Below is unofficial translation of two Fukushima Minyu articles regarding the review of the thyroid examination, published on August 8, 2016 (archived here) and July 4, 2016 (archived here). The August article is based on an interview of Hokuto Hoshi, Chair of Oversight Committee for the Fukushima Health Management Survey. It might be tied to this post. The July article covers the launch of an independent exploratory committee by Fukushima Pediatric Association.
Interestingly, a telephone inquiry by a concerned citizen revealed the Division of the Fukushima Health Management Survey at the Fukushima Prefectural Office was unaware of the content of the August article before its publication in newspaper. They declined to comment on the issue for the time being while contacting Oversight Committee Chair Hoshi to confirm facts and discuss the issue internally.
On September 26-27, 2016, the 5th International Expert Symposium “Chernobyl+30, Fukushima+5: Lessons and Solutions for Fukushima’s Thyroid Question” will be held in Fukushima, organized by Nippon Foundation and co-organized by Fukushima Medical University, Nagasaki University and Sasakawa Memorial Health Foundation. Judging from the symposium theme, there seems to be a rush to bring closure to the thyroid cancer issue even before the final results of the second round screening are released. A glance at the program is quite revealing.
Oversight Committee for the Fukushima Health Management Survey Plan to Review the Thyroid Examination: Reduction in Target Population Considered
August 8, 2016
Oversight Committee for the Fukushima Health Management Survey, engaged in discussion on the status of the survey to examine the health effects due to the nuclear accident, will begin discussions as early as September to consider reduction in target population as well as review of the screening procedure.
The thyroid examination that targets all residents who were age 18 or younger at the time of the accident will face a big turning point, as revealed by the Oversight Committee Chair Hokuto Hoshi in the interview with Fukushima Minyu as of August 7th.
The thyroid examination targets about 380,000 residents. Thyroid cancer cases detected by the examination are considered “unlikely to be the effect of radiation exposure at this time” by the Oversight Committee.
What lies behind starting the discussion to consider review of the examination is the concern about detection of “latent cancer” cases, which exist at a constant rate regardless of radiation exposure, by screening with high sensitivity.
Thyroid cancer is curable in many cases, and the across-the-board cancer screening is unlikely to give rise to the merit of “reduced mortality.” Thus thyroid cancer screening is not globally recommended. This has led medical providers to voice concerns that “participation in the examination alone can be detrimental to the participants.”
Under the circumstance, the Oversight Committee is expected to begin discussions on issues such as: 1) Whether residents older than age 18 should be included in the target population in the future; and 2) Whether to change the method of mass screening currently conducted in school settings which has been pointed out to interfere with the participant’s wish not to participate.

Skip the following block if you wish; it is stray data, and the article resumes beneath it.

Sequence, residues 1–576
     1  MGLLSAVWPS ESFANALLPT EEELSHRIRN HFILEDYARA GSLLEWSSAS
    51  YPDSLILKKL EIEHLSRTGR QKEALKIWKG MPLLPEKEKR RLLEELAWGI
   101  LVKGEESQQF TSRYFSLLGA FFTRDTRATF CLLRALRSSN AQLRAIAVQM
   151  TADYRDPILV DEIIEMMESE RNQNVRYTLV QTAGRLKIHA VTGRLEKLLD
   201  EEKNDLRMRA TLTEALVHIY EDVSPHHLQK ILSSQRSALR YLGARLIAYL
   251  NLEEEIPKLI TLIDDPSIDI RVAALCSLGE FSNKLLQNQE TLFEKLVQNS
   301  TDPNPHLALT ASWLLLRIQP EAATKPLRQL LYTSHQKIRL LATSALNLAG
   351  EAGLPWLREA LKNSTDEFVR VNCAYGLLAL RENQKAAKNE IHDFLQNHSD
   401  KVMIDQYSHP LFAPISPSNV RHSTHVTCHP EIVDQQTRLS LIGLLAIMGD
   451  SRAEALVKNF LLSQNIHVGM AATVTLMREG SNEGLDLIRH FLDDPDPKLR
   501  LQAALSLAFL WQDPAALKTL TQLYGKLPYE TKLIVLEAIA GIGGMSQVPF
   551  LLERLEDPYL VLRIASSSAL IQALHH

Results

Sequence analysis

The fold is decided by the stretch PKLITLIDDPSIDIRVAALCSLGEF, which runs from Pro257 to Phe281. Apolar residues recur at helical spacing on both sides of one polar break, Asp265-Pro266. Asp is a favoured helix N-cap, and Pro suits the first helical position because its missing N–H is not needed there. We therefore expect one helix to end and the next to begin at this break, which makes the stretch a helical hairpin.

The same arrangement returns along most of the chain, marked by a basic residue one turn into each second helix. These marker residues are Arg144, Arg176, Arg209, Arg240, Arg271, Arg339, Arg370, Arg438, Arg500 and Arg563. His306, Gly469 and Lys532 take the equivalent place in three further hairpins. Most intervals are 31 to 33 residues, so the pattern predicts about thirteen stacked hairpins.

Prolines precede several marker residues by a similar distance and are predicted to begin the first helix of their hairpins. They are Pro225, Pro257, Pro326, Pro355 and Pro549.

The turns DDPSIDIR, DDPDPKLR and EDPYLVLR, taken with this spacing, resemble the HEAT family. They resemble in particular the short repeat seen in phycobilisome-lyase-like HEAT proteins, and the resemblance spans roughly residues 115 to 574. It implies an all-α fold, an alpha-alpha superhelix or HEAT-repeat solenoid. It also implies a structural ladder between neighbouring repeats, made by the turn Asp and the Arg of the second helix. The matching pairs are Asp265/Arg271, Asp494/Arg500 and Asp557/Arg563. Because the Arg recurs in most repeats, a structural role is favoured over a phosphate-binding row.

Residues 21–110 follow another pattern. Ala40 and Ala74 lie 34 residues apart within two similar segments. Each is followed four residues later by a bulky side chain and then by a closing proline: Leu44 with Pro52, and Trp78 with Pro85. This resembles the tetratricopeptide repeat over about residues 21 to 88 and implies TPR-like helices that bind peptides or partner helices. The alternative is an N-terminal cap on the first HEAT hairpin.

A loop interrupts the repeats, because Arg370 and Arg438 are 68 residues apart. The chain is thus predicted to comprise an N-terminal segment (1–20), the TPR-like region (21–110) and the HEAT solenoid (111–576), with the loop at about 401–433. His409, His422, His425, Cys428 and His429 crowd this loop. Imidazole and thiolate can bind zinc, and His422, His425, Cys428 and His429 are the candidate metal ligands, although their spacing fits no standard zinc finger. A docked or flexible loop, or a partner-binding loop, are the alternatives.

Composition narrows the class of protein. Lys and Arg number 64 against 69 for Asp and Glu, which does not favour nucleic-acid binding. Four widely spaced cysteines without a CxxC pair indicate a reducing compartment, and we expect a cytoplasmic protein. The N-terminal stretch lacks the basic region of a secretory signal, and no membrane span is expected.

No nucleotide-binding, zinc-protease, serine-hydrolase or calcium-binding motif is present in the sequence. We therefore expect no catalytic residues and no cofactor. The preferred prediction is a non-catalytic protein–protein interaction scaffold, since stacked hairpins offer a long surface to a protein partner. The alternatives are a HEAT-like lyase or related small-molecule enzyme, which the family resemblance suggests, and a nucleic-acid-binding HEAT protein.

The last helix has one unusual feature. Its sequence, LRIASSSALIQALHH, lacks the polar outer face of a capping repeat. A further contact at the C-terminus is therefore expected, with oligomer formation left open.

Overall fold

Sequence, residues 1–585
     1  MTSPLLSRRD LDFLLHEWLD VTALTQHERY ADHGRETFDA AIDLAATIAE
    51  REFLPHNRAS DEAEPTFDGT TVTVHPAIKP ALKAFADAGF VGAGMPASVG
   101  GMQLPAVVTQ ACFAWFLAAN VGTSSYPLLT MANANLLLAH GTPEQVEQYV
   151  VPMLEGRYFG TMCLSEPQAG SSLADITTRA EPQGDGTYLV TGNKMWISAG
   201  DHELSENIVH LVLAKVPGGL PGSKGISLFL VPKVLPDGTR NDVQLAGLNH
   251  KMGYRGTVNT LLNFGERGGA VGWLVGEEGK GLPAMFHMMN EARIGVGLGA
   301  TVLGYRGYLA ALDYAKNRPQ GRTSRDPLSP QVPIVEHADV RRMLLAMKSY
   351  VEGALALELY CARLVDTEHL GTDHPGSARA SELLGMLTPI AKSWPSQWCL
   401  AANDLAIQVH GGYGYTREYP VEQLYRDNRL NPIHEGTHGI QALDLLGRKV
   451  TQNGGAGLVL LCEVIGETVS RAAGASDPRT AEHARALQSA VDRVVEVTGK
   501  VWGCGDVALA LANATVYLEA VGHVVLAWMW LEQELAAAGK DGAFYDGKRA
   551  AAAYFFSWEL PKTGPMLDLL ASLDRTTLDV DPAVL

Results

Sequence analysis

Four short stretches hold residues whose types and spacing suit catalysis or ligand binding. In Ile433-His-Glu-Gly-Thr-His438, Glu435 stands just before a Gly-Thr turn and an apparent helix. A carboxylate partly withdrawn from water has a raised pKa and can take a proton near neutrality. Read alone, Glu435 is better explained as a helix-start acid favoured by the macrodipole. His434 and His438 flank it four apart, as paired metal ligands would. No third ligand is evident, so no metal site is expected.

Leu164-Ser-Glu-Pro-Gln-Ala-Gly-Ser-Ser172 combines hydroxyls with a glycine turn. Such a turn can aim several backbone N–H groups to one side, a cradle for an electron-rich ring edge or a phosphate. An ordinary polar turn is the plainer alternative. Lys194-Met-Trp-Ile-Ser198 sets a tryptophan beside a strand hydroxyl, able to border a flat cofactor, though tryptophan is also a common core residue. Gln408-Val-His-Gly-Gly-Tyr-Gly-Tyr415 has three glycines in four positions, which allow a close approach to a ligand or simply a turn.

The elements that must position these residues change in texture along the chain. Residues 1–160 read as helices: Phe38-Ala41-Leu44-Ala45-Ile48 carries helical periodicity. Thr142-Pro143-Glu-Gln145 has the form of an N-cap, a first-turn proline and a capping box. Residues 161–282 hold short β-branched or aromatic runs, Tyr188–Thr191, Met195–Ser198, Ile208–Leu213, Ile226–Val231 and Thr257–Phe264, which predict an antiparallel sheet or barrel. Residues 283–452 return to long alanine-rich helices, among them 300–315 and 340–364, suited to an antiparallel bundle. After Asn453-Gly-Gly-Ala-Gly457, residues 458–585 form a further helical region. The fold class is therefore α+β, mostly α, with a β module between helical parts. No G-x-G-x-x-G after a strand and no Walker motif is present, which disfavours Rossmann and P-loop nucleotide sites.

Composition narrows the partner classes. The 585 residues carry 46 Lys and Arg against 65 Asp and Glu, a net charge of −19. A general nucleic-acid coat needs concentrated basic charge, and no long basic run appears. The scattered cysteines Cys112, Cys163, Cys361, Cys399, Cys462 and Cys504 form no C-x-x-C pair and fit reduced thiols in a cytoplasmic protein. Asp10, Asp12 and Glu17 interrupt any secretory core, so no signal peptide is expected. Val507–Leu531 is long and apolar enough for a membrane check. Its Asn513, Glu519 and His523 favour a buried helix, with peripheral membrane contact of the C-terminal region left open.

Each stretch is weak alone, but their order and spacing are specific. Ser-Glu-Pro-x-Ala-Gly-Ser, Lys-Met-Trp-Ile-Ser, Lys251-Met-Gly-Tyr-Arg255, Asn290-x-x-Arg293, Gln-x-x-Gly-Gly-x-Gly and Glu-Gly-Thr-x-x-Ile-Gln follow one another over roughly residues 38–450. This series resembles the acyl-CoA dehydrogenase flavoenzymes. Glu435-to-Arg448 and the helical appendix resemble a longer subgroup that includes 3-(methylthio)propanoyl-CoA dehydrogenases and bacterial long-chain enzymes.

“Thyroid Examination” Should Be Reviewed: Fukushima Pediatric Association to Establish an Independent Committee
July 4, 2016
Fukushima Pediatric Association (president: Kazuhiro Ohga) adopted a general assembly statement incorporating the establishment of its own exploratory committee to consider the status of the thyroid examination on July 3, 2016 at the general meeting held in Kooriyama City. The thyroid examination, part of the Fukushima Health Management Survey that investigates health effects of the Tokyo Electric Fukushima Daiichi nuclear power plant accident, is conducted by the prefecture targeting residents who were age 18 or younger at the time of the accident. The association deems necessary to review the thyroid examination, taking a fresh look at part of it. This is the first time the association expresses the need to review the examination.
Five years have passed since the nuclear accident, a question was raised about the status of the thyroid examination mainly by pediatricians performing medical examinations on residents who are targeted for the thyroid examination.
According to the Fukushima Pediatric Association, there are 172 individuals (as of the end of March 2016) who have been diagnosed with thyroid cancer or “suspicion of cancer.” Thyroid cancer is curable in many cases, and the screening is unlikely to give rise to the merit of “reduced mortality,” while there is a mental detriment when diagnosed with cancer. Thus thyroid cancer screening is not globally recommended.
The general assembly statement referred to health worries experienced by children participating in the thyroid examination and their guardians as well as residents, stating “It is necessary to explain (the results) to the participants with care and compassion and offer an easily comprehensible explanation to residents.”
President Ohga stated, “The thyroid examination was started in order to alleviate anxiety of residents, but it is possible the examination created (new) anxieties. It is necessary to review the examination from the standpoint of the participants.”
The Exploratory Committee, comprising the association members, is scheduled to begin discussions this fall. It will take up opinions of those diagnosed with thyroid cancer and intend to set directions before next year’s general assembly. In addition, the content of the general assembly statement will be sent to the prefectural government as a request in the future.
The statement also incorporates items regarding the response to health effects on children, long-term health management, and continuing support for children and their families who are evacuated or returning.